Innovation without (much) change

When talking innovation, CEOs and board members usually have in mind outside-the-box, over-the-moon, home-run kinds of initiatives. And woe to anyone who suggests that enhancements to “is” might reap a better return than chasing “could be.” It’s off with their heads.

But hold the guillotine. This just in from the Harvard Business Review: Most of the time, in most places, innovation comes via something less than turn-the-organization-on-its-ear change.

That’s what Bansi Nagji and Geoff Tuff, leaders in the Monitor Group’s innovation practice, discovered through a study of high performance companies. The research duo found that firms consistently outperforming their peers maintain “innovation portfolios” comprised of 70 percent in enhancements to core offerings, 20 percent in adjacent moves, and 10 percent to transformational initiatives.

Per the HBR piece, “Rather than hoping that their future will emerge from a collection of ad hoc, stand-alone efforts that compete with one another for time, money, attention, and prestige, they manage for total innovation.” The corporate superstars seek to “optimize existing products for existing customers” before expanding into new areas of business.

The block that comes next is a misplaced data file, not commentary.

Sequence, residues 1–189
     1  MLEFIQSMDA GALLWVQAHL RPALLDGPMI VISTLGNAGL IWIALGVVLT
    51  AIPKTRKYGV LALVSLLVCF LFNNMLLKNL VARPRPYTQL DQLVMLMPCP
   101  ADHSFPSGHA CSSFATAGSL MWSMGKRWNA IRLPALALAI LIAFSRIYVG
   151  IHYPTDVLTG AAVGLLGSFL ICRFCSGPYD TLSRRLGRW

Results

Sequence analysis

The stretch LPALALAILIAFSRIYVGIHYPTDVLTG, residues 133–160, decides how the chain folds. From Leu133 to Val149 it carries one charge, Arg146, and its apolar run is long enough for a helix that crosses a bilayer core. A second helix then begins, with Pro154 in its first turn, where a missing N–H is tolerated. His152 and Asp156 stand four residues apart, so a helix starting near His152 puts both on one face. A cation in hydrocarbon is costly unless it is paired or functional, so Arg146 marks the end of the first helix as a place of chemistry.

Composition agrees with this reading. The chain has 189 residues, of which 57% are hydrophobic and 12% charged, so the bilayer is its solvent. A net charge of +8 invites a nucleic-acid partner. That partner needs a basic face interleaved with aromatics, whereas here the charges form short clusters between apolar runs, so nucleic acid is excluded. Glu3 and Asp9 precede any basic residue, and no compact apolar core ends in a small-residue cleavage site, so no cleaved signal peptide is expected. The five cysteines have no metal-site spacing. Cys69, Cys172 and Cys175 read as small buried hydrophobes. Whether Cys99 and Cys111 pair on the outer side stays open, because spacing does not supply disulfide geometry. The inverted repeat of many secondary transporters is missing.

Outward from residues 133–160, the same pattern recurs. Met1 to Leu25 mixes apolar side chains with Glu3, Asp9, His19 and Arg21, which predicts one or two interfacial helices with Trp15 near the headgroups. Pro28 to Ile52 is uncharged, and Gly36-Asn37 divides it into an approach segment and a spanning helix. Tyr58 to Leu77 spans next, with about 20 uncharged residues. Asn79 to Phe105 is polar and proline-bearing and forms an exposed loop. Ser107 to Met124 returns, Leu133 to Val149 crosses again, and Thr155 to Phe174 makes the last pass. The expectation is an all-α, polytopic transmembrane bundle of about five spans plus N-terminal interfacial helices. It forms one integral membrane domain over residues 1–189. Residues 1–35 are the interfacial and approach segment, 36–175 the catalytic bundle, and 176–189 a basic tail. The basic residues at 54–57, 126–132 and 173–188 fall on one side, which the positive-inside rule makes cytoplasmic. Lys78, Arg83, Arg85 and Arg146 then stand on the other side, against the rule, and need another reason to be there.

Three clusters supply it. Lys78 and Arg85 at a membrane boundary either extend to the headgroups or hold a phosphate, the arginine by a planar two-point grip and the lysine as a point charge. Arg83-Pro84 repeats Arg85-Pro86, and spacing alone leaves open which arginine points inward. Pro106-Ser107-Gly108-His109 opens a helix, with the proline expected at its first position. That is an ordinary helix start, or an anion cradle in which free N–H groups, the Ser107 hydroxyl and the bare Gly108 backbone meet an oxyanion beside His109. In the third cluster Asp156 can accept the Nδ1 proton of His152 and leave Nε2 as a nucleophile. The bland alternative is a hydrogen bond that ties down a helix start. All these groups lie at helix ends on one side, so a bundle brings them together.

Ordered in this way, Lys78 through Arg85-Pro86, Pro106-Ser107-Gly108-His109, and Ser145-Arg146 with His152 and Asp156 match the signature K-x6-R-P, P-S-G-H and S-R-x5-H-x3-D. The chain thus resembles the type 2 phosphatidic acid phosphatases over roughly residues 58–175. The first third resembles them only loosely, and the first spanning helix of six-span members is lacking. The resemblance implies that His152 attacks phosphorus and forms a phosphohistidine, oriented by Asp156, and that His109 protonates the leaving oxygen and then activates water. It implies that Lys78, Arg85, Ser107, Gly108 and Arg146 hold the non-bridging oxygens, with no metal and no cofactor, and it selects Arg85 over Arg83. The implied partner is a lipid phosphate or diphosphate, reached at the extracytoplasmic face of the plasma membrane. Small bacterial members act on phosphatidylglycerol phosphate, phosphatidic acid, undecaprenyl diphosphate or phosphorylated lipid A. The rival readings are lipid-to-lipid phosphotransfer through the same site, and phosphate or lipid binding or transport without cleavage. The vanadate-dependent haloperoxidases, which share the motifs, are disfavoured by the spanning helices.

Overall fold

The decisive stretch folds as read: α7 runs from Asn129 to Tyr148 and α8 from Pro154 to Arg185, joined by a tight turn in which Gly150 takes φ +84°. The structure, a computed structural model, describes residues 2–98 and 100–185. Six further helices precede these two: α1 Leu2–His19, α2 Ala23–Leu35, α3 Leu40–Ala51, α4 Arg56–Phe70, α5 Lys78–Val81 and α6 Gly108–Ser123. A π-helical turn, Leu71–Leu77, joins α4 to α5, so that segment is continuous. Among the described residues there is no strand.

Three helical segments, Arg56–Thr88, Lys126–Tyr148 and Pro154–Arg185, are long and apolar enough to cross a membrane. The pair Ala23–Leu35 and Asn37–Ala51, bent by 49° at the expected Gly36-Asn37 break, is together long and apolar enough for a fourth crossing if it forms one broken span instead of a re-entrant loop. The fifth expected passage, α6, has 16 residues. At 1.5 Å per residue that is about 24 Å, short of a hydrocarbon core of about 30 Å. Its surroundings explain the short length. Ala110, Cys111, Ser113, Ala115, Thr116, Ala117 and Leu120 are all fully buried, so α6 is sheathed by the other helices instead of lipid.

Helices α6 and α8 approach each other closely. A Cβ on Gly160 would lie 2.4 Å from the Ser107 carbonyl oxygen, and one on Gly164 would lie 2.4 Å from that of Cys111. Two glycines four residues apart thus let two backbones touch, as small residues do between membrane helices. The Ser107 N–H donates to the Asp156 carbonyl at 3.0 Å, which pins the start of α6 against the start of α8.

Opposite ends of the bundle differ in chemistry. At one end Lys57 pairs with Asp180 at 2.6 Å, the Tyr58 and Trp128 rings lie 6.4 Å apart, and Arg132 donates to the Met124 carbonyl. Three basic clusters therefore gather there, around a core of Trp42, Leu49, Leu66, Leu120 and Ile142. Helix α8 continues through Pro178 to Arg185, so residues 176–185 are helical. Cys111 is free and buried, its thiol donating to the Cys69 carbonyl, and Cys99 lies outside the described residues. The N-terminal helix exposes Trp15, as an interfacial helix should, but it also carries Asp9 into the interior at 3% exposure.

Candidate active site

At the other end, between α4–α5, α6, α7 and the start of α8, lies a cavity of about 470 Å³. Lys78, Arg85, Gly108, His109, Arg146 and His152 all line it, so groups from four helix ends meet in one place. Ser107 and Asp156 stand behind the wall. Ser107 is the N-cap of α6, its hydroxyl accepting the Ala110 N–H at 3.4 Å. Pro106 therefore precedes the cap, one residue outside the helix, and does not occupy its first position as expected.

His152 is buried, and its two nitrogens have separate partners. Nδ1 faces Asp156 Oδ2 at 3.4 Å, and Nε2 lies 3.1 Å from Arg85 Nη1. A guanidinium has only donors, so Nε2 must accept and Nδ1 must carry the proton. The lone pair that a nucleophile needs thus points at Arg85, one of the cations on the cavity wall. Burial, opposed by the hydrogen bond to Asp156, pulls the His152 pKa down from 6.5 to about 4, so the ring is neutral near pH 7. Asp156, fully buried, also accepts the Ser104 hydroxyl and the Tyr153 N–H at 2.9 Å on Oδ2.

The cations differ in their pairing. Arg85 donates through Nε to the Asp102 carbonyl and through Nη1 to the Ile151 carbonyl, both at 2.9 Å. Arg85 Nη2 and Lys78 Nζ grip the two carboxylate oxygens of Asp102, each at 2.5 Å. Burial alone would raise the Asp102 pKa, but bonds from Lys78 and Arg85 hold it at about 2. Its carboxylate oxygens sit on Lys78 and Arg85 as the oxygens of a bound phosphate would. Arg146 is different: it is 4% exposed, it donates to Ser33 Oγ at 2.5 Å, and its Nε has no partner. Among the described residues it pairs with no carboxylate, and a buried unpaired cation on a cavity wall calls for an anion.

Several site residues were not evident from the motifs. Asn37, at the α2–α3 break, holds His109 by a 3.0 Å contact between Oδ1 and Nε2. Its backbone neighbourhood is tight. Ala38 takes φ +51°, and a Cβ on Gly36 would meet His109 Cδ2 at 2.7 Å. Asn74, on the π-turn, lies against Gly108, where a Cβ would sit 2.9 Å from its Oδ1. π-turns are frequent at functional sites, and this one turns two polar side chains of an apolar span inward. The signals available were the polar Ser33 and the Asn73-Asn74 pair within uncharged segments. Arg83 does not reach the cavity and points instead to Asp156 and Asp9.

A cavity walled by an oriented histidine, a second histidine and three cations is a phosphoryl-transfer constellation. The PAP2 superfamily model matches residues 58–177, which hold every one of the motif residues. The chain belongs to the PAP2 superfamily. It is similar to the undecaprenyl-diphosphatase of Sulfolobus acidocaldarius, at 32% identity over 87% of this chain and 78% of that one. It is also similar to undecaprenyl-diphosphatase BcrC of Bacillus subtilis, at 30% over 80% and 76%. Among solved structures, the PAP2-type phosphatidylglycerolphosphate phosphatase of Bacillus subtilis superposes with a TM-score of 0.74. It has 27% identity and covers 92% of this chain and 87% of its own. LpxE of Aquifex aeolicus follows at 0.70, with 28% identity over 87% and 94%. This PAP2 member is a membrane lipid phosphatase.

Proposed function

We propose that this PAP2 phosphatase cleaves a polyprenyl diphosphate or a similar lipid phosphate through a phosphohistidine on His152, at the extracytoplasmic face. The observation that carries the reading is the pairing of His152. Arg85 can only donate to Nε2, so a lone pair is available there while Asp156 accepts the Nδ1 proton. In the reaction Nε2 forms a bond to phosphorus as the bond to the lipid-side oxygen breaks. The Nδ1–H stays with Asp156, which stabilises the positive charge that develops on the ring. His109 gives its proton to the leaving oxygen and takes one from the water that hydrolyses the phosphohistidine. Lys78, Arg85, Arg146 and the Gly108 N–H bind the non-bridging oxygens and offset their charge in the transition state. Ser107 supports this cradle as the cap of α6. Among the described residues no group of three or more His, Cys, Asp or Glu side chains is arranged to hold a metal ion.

THE INNOVATING NONPROFIT

Transfer the Nagji/Tuff finding to the nonprofit sector and we see innovation leaders who think carefully before dipping the organization’s toe into untested service “waters.” They seek first to squeeze every drop of possibility out of existing programs. They take full advantage of what they hold in their hands before grabbing for more.

Despite the lure of expansion or siren song of trying something different, these leaders know better than to chase after the sexiest, flashiest, or latest wow-me change. For them, it’s about pacing, discipline, and building systematically on what’s already working.    

WHERE EVERYTHING OLD IS NEW AGAIN

Even as I write this, I can hear nonprofit leaders — especially those who’ve been in place for several years — choking on the tough pill labeled “what is.”  Familiarity breeds boredom with — or worse, contempt for — longstanding programs. Tired of the same old-same old, staff go searching for new possibilities and absent a vigilant board, mission drift sets in. The organization changes, but not through managed innovation.

Don’t get me wrong. I understand the importance of being open to emerging possibilities. Fortunately, for most organizations the 30 percent window suggested in the HBR article provides ample wiggle room for testing untried ideas. However, more often than not, sustainable change comes from breathing new life into existing programs.

As Jim Collins and Morten Hansen write in Great by Choice, “The  Next Big Thing just might be the Big Thing you already have.” Now that’s an innovative thought.

Questions for boards: What is your organization’s “big thing?” How can you better maximize what you already hold in your hands?

What's your take on this topic?

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